“I’m Sorry, but I Just Can’t Refer You…”

SorryWouldn’t it be awful to hear those words from a client or partner or colleague? “I’m sorry, but I just can’t refer you…”

Wow, what a slap in the face. Or a wake-up call.

But what if you’re actually great at what you do, and you’re still not getting referrals? What’s the problem then?

Maybe you’re just not referral-ready.

What makes a person or business not referral-ready? As someone whose entire business model is built on referrals (me referring others, and others referring me), I regularly see a handful of missing pieces that keep people from getting the referrals they deserve.

Here are the most common reasons you may not be referral-ready:

1. Your offering – your unique value – is not clearly articulated. You sound like a bunch of other competitors, making you a forgettable commodity. I don’t know why I should refer you.

2. You say that you do so many things, I can’t remember your sweet spot. I don’t know when or where I should refer you.

3. You use technical terms and jargon to explain what you do, which I cannot grasp (and therefore can’t explain to others). I don’t know what I’m supposed to refer.

4. You don’t narrow down your target audience. If I don’t know who you serve, and what you’re looking for, I don’t know who to refer you to.

5. Your story and success cases are not memorable. I don’t have memory hooks and words that bring you to mind when a referral could be forthcoming. I don’t know how to refer you.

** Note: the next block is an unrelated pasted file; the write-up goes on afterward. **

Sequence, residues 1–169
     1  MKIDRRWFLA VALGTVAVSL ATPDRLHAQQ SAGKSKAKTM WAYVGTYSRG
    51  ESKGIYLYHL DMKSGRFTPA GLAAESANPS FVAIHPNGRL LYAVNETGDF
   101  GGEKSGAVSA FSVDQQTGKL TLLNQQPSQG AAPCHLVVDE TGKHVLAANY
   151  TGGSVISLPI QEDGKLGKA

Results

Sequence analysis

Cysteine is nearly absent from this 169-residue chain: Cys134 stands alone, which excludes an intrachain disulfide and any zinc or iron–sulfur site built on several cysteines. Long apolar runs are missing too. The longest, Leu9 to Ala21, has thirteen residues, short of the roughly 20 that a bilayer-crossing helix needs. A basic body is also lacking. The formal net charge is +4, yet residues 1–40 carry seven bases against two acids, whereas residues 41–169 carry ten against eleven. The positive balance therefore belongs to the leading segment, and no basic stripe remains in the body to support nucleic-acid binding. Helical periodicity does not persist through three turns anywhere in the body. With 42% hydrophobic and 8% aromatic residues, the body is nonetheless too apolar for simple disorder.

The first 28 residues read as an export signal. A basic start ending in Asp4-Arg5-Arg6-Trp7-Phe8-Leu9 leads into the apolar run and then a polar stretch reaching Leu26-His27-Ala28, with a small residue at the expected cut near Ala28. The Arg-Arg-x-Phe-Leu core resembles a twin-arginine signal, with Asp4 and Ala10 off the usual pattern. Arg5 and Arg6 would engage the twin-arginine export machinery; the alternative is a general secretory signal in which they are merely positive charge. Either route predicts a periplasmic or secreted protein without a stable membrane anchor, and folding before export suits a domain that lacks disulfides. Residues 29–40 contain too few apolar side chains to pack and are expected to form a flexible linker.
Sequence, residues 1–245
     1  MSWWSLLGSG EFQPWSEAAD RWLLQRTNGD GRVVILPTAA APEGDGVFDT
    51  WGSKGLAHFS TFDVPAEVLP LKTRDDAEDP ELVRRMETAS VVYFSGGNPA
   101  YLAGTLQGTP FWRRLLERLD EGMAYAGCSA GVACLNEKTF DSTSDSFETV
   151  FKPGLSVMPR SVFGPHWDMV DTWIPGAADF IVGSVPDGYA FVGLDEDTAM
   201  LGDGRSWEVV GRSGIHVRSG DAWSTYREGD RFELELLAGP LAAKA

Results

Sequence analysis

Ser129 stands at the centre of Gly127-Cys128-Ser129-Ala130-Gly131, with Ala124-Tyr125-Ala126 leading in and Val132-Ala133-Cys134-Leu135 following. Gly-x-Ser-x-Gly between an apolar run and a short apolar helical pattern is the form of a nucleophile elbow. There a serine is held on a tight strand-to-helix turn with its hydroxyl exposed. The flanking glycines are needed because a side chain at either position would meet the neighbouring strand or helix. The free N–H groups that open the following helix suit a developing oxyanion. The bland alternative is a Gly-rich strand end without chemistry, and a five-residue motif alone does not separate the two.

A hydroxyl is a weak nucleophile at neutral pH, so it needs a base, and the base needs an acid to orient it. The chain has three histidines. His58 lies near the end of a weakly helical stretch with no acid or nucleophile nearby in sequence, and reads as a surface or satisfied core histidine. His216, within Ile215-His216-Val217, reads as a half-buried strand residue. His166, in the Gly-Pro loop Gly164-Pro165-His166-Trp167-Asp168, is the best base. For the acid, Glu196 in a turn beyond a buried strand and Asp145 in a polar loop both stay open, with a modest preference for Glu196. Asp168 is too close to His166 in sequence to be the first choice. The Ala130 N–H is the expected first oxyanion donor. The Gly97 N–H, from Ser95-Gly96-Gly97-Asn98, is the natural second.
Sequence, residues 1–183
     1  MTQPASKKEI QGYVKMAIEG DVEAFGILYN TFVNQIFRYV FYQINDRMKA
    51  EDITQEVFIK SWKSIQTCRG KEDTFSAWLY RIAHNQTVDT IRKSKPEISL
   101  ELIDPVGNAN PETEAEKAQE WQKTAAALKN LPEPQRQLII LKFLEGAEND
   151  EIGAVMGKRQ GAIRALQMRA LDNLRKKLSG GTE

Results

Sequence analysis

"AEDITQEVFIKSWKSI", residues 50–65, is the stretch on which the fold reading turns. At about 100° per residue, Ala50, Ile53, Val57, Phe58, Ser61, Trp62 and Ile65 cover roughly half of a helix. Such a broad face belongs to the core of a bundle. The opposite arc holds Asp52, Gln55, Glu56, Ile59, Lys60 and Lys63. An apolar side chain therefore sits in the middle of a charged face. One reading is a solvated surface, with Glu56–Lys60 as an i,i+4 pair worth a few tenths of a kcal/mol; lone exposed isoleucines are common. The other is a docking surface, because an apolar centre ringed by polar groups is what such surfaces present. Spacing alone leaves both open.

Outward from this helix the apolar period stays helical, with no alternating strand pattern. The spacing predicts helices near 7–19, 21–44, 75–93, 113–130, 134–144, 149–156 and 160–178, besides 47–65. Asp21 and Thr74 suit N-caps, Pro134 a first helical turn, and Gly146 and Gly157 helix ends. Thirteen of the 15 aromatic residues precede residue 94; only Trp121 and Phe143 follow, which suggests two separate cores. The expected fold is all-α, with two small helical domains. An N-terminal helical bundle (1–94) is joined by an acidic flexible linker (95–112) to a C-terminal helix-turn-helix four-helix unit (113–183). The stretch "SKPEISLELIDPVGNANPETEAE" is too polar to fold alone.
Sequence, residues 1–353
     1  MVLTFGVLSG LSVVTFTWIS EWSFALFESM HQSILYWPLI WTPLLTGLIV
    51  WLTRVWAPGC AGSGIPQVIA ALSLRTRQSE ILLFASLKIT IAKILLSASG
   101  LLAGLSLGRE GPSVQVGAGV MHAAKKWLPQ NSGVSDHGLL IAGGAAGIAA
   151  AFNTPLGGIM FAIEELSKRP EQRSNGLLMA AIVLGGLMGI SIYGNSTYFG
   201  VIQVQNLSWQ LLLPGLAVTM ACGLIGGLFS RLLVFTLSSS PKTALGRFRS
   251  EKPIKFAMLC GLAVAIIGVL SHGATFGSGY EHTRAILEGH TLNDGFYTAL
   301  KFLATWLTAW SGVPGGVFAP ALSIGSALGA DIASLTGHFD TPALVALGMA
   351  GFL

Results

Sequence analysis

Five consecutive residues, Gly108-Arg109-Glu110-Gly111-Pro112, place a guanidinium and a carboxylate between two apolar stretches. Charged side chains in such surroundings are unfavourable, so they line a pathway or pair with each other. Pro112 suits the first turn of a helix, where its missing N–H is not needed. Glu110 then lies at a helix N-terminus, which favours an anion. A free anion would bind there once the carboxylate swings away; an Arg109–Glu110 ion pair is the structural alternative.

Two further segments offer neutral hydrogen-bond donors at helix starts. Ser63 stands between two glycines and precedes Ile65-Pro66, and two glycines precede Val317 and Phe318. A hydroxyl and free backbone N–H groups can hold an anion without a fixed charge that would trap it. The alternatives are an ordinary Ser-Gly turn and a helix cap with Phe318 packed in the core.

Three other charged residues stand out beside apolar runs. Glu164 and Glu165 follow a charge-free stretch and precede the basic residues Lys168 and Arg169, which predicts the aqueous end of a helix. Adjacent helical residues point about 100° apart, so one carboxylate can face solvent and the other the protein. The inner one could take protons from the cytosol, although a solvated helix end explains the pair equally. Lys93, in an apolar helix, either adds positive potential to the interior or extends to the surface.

You see, it’s not enough to be good at what we do. We also need to put into succinct and memorable words exactly what we do and whom we do it for, if there is to be any hope that others can refer us.

Here is the simple test I use to see if I’m referral-ready in the mind of another. When a person I know introduces me to someone new, and that individual inevitably asks me what I do, I turn to my friend/partner/colleague/client who made the introduction and say, “Why don’t you explain what I do?” It’s surprising how often people with whom we have a professional relationship cannot accurately articulate our value and our niche (but how rewarding when they can, and enthusiastically do!).


We are refer-able when we occupy a distinct and clearly understood position in the mind of others. So before we do ANYTHING else, our highest priority should be to get clarity about our value and our message.

Being referral-ready is like having verbal business card that you – and others – can pass out.


Also on the blog: How to Become Referral-Ready – I’ll Speak at Your Next Event!

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  1. Steve this is a great article. Wonderfully written – covering all the points someone needs to think of when building burliness / relationships through networking. Thank you for a terrific piece.

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